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George Lucas likes to plan ahead. Way ahead. In fact, he was barely done putting "Star Wars: The Empire Strikes Back" together when he was already planning for life after his famed Star Wars trilogy -- putting together what would become known as the prequel films. In a story conference held in 1981, Lucas sat down with writer Lawrence Kasdan, director Richard Marquand and producer Howard Kazanjian to discuss the background of all the favorite characters in the franchise, most specifically the boy who would become Darth Vader. A lot of what Lucas said would actually come to pass, according to the new book from J.W. Rinzler, "The Making of Star Wars: Return of the Jedi." But there were some changes as well. The first major change? The Force. There were no midi-chlorians in »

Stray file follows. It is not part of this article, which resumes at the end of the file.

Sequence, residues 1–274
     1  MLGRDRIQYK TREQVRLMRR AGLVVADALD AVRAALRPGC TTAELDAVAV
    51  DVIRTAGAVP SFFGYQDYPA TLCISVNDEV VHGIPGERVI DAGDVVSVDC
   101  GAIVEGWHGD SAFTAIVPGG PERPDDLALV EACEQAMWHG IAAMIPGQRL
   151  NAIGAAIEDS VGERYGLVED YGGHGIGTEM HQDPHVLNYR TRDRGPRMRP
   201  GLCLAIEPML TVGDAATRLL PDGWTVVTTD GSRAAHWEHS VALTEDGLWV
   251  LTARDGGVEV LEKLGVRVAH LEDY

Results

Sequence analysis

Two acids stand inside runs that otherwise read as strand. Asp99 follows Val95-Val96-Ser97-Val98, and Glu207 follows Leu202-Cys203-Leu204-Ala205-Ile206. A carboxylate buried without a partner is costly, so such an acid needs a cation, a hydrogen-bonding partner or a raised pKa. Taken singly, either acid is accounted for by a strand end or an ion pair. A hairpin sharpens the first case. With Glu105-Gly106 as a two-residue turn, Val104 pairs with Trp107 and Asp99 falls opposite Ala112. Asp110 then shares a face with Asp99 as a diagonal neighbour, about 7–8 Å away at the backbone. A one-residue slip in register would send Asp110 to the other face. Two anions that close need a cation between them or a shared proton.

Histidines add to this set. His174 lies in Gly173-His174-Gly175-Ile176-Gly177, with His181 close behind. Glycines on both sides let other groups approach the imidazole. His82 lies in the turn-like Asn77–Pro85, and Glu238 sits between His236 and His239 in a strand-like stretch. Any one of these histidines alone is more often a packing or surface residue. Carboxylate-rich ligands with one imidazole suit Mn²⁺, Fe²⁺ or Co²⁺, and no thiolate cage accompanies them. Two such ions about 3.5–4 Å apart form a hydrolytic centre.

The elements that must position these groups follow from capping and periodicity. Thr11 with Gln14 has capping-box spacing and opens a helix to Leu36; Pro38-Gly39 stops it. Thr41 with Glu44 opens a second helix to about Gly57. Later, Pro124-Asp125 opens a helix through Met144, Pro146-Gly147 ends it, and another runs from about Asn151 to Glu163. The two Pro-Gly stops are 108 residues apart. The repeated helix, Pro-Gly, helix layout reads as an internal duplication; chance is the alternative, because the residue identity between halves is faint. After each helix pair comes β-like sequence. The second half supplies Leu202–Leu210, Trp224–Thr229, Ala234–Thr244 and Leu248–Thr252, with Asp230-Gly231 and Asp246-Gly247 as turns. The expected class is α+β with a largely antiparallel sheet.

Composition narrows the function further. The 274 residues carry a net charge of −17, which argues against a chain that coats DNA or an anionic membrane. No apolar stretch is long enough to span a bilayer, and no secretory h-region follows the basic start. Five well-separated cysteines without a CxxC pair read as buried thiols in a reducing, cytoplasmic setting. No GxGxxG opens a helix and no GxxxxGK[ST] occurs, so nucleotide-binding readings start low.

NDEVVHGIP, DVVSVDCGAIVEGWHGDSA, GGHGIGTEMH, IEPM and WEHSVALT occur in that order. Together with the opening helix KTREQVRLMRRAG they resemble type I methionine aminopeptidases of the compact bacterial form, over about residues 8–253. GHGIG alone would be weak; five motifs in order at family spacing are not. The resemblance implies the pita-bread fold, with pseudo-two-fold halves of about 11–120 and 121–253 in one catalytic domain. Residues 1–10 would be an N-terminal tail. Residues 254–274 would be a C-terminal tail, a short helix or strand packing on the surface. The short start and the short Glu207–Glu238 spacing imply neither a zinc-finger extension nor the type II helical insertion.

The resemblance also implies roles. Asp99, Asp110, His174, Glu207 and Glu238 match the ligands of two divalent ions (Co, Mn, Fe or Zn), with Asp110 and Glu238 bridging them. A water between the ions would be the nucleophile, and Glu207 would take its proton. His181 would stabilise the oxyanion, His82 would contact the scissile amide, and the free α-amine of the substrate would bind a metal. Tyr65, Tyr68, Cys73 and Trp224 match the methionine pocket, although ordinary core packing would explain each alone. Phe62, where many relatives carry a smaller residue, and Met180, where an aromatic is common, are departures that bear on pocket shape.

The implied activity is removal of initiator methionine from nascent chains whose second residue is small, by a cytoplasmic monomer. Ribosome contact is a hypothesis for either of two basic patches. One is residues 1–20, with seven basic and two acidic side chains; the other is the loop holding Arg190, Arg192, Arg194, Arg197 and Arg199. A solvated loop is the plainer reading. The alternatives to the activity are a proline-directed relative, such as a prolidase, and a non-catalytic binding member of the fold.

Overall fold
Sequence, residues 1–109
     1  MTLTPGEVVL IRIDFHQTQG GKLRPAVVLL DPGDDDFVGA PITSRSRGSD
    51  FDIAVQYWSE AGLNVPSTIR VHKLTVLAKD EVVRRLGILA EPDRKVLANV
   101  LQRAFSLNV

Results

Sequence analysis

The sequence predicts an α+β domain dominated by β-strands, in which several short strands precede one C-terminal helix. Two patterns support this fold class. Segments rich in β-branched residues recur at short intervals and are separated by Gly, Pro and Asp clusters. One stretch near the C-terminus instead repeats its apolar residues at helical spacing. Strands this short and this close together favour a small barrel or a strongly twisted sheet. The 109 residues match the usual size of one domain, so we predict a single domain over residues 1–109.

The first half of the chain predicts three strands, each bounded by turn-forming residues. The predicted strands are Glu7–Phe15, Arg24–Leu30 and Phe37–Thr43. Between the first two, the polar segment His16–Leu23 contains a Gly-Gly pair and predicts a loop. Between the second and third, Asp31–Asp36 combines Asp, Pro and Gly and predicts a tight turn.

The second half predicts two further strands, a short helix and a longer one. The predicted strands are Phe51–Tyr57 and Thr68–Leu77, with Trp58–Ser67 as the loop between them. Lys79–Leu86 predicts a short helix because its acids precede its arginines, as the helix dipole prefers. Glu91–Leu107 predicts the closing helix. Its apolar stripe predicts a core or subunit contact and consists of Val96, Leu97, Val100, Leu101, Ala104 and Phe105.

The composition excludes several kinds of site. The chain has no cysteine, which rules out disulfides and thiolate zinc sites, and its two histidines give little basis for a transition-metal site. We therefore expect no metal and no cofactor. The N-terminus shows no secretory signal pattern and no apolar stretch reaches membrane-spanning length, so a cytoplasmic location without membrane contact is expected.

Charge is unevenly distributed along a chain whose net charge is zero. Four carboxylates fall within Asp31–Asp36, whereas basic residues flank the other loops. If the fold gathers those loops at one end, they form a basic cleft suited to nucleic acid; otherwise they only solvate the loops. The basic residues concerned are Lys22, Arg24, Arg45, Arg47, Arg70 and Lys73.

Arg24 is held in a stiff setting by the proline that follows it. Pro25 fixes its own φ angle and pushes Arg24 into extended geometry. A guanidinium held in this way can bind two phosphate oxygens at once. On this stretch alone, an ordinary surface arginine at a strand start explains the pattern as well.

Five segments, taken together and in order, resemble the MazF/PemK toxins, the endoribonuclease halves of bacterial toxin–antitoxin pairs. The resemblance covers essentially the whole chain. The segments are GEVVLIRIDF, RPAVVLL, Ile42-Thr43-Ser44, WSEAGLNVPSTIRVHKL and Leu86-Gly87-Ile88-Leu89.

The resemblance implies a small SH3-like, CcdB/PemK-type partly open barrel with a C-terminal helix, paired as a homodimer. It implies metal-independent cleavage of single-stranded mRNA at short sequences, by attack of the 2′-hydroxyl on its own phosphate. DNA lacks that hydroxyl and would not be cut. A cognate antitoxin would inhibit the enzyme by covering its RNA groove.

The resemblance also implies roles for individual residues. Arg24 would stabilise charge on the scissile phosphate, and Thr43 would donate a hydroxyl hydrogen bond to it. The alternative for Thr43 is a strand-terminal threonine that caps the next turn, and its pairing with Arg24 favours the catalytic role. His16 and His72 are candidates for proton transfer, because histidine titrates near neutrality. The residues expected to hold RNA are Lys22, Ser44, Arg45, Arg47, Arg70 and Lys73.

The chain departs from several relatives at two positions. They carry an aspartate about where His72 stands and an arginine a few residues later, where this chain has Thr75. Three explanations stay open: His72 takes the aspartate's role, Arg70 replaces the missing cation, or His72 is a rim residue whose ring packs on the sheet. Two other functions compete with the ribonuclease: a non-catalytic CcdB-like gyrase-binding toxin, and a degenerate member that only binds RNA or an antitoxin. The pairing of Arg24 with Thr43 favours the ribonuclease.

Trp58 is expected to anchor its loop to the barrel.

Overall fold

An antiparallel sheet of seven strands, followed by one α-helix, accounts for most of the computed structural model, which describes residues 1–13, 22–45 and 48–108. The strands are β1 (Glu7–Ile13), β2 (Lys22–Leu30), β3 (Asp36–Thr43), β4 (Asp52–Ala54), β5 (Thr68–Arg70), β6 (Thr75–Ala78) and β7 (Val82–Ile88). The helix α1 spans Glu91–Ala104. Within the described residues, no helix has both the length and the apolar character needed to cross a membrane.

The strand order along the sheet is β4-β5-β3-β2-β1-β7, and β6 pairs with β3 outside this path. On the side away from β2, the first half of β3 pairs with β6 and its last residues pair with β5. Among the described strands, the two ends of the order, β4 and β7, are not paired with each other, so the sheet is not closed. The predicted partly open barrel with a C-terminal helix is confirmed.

For all that is known about Star Wars: Episode VII, there’s hardly been a trace of any information about the plot. Various sources have been able to scrape together some rumored details, but most of those reports have worse holes than the Death Star’s exhaust shaft. With the historically secretive J.J. Abrams at the helm, it doesn’t seem likely that any concrete information about the story is going to be announced anytime soon.
That being said, the first word of any plot or characters may have leaked our way courtesy of Schmoes Know. They claim to have intercepted an e-mail with an alleged casting breakdown straight from Abrams himself. Keep in mind before reading this that I’m extremely skeptical about any of this being valid, but I’ll get into that later. Check out the leak below.